Old Age Security and Guaranteed Income Supplement General Division: Your reasons for appealing
Here are some examples of things the General Division can make a decision on:
Luis applied for an Old Age Security (OAS) pension in January 2021. Service Canada denied his application. It said he didn’t live in Canada long enough to qualify because he spent a lot of time in El Salvador. Luis doesn’t agree. He agrees that he’s been to El Salvador often, but he says it was just to help his nephew and niece there.
The law says you have to reside in Canada for at least 10 years to qualify for an OAS pension.
If Luis decides to appeal, he can show that he made a life in Canada with his wife and children. He has a bank account here, owns a house, and has a family doctor he sees regularly. He can show that he has travelled to El Salvador only to help his extended family. He stays with his family and they pay for everything when he’s there.
We can decide whether Luis has resided in Canada for at least 10 years and whether he’s entitled to an OAS pension.
Elena was receiving the Guaranteed Income Supplement (GIS) at the rate for a single person. Service Canada looked into her situation, because it thought that she was living in a common-law relationship with Mike. He was also receiving the GIS at the single person rate.
The law says that if you have a spouse or common-law partner, you’re supposed to receive the GIS at a lower rate.
If Elena decides to appeal, she can show that she wasn’t in a common-law relationship with Mike. She can show that she took care of Mike for many years, but she was only doing that as a friend, not as a common-law partner.
We can decide whether Elena and Mike were in a common-law relationship and how it might affect the GIS.
Here are some examples of situations where the General Division can’t help you:
Noah applied in 2015 to receive the GIS as a single person. In March 2017, he started living with his girlfriend, Amy but he didn’t tell Service Canada. In January 2021, Service Canada found out that he’d been living with Amy all this time. So Service Canada sent him a letter telling him that he had to pay back the extra money he’d been receiving since March 2017.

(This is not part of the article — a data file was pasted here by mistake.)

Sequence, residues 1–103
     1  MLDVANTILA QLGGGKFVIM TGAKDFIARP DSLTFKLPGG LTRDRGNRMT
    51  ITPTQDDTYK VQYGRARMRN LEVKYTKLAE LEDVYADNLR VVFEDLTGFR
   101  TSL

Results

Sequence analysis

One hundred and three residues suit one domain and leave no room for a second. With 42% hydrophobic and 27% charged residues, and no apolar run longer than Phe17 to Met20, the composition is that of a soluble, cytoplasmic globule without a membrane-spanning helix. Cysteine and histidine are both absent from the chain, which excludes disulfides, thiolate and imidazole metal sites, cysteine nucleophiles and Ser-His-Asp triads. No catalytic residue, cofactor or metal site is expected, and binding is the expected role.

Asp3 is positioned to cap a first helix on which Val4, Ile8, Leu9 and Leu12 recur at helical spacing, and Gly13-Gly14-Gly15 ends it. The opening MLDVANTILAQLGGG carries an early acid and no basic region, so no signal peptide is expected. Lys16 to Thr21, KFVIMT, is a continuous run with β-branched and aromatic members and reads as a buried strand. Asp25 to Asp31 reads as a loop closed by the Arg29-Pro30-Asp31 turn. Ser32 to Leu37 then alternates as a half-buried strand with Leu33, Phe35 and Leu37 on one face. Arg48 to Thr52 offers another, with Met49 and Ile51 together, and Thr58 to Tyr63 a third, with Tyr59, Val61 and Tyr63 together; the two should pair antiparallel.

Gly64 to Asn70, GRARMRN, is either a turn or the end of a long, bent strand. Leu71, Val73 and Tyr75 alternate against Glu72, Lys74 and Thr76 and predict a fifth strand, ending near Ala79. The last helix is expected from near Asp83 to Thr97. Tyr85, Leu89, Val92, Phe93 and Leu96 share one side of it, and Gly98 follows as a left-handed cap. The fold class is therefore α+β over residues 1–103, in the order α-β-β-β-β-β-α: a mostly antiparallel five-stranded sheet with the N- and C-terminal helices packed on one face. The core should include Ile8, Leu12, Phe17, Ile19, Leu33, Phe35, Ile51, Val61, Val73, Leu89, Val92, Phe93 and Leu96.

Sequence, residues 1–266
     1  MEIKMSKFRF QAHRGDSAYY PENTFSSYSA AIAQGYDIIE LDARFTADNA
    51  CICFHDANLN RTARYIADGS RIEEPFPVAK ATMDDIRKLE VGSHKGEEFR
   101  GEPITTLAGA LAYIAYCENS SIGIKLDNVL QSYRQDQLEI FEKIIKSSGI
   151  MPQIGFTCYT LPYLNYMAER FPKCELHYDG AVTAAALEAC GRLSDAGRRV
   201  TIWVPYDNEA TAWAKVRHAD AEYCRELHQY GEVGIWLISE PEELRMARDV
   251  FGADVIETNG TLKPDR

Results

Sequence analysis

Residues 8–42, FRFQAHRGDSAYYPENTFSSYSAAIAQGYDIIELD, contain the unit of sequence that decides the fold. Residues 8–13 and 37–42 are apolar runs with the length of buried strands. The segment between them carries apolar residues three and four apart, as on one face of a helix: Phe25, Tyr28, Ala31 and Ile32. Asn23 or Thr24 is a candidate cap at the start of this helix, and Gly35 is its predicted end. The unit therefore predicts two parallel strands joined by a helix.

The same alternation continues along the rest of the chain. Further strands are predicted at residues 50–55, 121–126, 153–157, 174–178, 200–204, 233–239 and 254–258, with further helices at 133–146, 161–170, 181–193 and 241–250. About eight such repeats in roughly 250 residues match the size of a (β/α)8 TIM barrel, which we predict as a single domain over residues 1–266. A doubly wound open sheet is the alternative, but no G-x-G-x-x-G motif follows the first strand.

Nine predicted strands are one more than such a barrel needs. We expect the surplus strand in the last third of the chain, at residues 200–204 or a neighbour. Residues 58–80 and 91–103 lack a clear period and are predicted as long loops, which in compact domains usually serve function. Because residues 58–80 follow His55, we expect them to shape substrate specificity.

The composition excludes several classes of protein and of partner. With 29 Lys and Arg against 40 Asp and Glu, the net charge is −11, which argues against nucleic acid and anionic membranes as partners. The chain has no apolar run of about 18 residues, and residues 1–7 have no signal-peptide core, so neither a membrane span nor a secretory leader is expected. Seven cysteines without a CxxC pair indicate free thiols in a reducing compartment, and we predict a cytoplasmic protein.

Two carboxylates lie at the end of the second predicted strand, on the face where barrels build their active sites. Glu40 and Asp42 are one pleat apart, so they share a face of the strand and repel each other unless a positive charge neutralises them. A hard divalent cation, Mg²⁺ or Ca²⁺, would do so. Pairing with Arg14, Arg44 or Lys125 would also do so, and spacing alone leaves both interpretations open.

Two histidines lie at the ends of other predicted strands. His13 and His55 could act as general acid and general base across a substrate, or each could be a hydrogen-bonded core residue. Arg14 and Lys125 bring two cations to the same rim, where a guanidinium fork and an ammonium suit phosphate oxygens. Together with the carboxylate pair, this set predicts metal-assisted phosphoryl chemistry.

Noah agrees that he’s in a common-law relationship with Amy. But he decides to appeal because he feels he can’t pay back all that money.
We can’t decide whether Service Canada should write-off Noah’s debt.
When Bea started receiving their OAS pension, Service Canada gave them a retroactive payment back to the month after they turned 65. Bea finds the amount low and asked Service Canada to reconsider its decision. Service Canada denied the request because it gave Bea the biggest retroactive payment it could. Bea feels the amount should have been more.
The law says that you can’t get the OAS pension before age 65.
We can’t change the law. We can't tell Service Canada to pay Bea more money.
Decisions about income
We can’t make decisions about issues that relate to income. We refer these issues to the Tax Court of Canada so they can make the decision.
If we refer your case to the Tax Court of Canada, we’ll keep your appeal open at the General Division. Once we get the decision from the Tax Court of Canada, we’ll contact you.
Angel doesn’t agree with the amount of GIS she gets each month. She doesn’t think the income used to calculate her payment is correct. Canada Revenue Agency (CRA) determines the income used to calculate GIS payments. To find out if her GIS payment amount is correct or if there was a mistake, Angel can start an appeal with the SST. The SST will send her appeal to the Tax Court of Canada. The Tax Court will decide if CRA determined Angel’s income correctly. The SST can then decide if her GIS payment is correct.